|Westfield Orthopedic Group|
541 East Broad Street
Westfield, NJ 07090
Phone: (908)232-3879 | Fax: (908)232-5789
Scoliosis is a common condition that affects many children and adolescents. Simply defined, scoliosis is a sideways curve of the spine. Instead of a straight line down the middle of the back, a spine with scoliosis curves, sometimes looking like a letter "C" or "S."
Children with scoliosis and their parents have a lot of questions about the condition. Here, orthopaedic surgeons from the American Academy of Orthopaedic Surgeons and the Scoliosis Research Society answer some of the questions they most commonly hear from patients and their parents.
(Left) Normal spine anatomy. (Right) Scoliosis can make the spine look more like the letters "C" or "S".
There are several different types of scoliosis that affect children. By far, the most common type of scoliosis is "idiopathic," which means the exact cause is not known.
This article provides answers to questions parents and their children often have when first diagnosed with scoliosis. Information about causes, screenings, and current research is also included in this section.
In planning your child's treatment, your doctor will take into account how severe your child's curve is and where it occurs in the spine. Your child's age is also an important factor — if your child's spine is still growing, it will affect treatment choices. Your doctor will determine how likely it is that the curve will get worse, and then suggest treatment options to meet your child's specific needs.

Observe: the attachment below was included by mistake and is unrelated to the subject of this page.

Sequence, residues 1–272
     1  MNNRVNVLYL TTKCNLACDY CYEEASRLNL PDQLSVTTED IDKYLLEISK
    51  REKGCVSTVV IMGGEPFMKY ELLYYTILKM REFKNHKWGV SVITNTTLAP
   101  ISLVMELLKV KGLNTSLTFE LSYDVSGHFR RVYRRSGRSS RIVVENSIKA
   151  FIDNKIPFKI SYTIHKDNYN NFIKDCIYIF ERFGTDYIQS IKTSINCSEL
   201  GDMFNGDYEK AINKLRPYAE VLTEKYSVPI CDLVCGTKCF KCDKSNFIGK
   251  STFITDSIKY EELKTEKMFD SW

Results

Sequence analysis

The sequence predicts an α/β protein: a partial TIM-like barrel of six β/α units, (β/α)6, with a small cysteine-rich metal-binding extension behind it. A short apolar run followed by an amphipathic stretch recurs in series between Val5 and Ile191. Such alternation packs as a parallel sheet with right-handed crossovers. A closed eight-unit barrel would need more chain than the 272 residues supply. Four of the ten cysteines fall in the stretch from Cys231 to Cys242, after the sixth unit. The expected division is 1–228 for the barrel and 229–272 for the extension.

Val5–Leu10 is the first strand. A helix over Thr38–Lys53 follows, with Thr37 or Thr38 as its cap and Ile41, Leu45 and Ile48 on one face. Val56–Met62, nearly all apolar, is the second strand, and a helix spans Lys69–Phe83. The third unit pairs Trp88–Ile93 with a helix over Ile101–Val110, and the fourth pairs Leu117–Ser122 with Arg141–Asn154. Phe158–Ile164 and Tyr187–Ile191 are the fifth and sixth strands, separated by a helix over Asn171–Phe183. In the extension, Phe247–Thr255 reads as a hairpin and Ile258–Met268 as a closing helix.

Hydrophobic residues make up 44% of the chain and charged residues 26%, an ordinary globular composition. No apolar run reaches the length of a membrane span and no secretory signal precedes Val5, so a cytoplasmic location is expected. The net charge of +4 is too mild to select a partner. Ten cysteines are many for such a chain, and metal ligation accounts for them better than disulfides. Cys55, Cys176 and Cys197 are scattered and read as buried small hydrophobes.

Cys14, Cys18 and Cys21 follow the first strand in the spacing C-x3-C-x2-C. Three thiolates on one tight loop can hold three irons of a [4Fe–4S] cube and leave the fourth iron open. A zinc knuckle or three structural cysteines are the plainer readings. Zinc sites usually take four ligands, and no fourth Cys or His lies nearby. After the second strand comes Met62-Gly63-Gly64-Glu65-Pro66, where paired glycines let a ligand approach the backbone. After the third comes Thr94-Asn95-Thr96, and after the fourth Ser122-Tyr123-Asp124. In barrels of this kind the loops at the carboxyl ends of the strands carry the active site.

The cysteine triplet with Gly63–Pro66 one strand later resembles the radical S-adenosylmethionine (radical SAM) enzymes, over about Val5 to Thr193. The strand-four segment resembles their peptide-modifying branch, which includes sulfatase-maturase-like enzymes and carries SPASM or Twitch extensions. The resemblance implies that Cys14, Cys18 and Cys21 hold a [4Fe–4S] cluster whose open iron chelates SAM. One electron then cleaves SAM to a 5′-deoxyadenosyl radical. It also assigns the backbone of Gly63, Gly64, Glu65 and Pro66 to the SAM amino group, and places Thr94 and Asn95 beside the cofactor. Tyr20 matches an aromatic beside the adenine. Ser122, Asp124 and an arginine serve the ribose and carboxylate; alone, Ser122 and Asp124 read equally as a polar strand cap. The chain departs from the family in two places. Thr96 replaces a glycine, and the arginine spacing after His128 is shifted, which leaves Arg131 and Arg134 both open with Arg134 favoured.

This article answers common questions about treatment options, including bracing and alternative methods.
Most scoliosis surgeons agree that children who have very severe curves (50 degrees and higher) will need surgery to lessen the curve and prevent it from getting worse.
This article answers common questions about the surgical procedure, as well as questions about recovery.
Many details need to be considered when planning for scoliosis surgery. This article provides answers to common questions about cost, risks and complications, as well as concerns teenagers have about how they will look after surgery.
This section addresses questions teenagers often have about what adulthood is like with scoliosis.
Reviewed by members of the Pediatric Orthopaedic Society of North America and the Scoliosis Research Society
The American Academy of Orthopaedic Surgeons
6300 N. River Road
Rosemont, IL 60018